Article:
Kimura was indeed impressive that night in Shanghai. He maintained pressure with wonderful variety, eschewing the jab, perhaps, for spells, but filling those gaps with an assortment of wonderful punches, most of all his body attack, which was persistent, withering, and apparently went unscored by two of the three judges who somehow had the Chinese ahead at the time of the eleventh round stoppage. Zou had shown a skill for flurrying while fleeing and Kimura had shown him how to fight.

Now a strapholder at 112lbs, Kimura staged two defenses in the following twelve months. The first was against Toshiyuki Igarashi, the man who beat Sonny Boy Jaro, the man who had beaten the superb champion Pongsaklek Wonjongkam before a softer fight against Froilan Saludar. He won both by stoppage.

Kimura, then, rather came from nowhere but made the most of his arrival. What he displayed in all three of these fights was a determination to offer pressure and footwork educated enough to do it while taking many fewer steps than his harried opponent. A tad overrated as a puncher, I suspect, he places himself in hitting position often enough that his default fight plan – chase, harass, throw – makes him capable of hurting his opponents by way of persistence and pressure.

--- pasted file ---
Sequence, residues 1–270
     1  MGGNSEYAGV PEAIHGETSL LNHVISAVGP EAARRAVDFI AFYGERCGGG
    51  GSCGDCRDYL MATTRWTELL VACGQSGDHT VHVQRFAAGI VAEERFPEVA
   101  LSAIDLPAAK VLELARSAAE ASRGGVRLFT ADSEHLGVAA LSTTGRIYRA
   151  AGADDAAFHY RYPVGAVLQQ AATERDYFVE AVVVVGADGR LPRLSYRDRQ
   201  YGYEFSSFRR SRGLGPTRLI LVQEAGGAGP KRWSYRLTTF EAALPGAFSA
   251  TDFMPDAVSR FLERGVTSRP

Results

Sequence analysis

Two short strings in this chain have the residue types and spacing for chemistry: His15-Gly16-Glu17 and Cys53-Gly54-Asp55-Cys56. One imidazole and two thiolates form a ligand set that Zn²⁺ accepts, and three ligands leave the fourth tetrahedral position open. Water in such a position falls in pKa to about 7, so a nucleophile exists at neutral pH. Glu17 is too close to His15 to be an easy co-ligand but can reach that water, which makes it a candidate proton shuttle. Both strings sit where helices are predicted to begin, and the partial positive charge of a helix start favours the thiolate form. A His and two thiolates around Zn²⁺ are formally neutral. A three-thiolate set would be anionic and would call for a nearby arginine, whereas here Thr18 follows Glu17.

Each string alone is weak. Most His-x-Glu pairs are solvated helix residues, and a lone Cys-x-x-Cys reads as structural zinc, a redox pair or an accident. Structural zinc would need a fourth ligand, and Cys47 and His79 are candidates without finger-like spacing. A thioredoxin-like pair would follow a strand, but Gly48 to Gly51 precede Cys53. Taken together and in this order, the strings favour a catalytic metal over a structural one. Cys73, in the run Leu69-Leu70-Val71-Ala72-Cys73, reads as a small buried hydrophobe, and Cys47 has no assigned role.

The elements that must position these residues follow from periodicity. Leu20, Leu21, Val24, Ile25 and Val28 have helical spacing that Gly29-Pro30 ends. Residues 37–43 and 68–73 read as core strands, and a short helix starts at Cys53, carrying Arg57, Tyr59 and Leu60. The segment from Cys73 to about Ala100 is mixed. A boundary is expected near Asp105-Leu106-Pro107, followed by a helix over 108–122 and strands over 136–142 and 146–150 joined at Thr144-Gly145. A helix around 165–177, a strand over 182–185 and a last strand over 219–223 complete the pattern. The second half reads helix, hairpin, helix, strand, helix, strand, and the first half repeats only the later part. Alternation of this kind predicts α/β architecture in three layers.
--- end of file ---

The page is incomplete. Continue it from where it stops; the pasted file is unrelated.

He left Zou, Igarashi and Saludar, broken in his wake.

In short, he is the type of opponent Kosei Tanaka has been waiting for.

There have been calls for Tanaka to be considered a pound-for-pound talent should he overcome Kimura this Monday. I understand the impulse. Tanaka, were he to triumph, would become a three-weight world champion and he hails from a boxing territory which has little direct control over the meaningful pound-for-pound lists, if such a statement is not a contradiction in terms.

In short, it is felt he would be undervalued.

Tempering these calls is the fact that he has never beaten a divisional number one and that Kimura would be, by far, the best opponent he would have bested, and the most proven. Some Tanaka opponents have come good after he defeated them, some were ranked in the lower reaches of their respective divisional top tens when he matched them, but none are scalps as impressive as those dangled by the likes of Errol Spence or Anthony Joshua, who populate the nine, ten and eleven spots in reputable lists.

But this is neither here nor there; the key is not what Kimura does not represent, it is what he does represent. He is the best that Tanaka has met and, I would argue, the first truly elite fighter that Tanaka has met. He is the litmus test and he is one with a stylistic advantage.

Tanaka can punch. Here we will find out whether or not he punches hard enough to keep Kimura off him. Personally, I doubt it and that means that Kimura is going to hand him a serious gut check.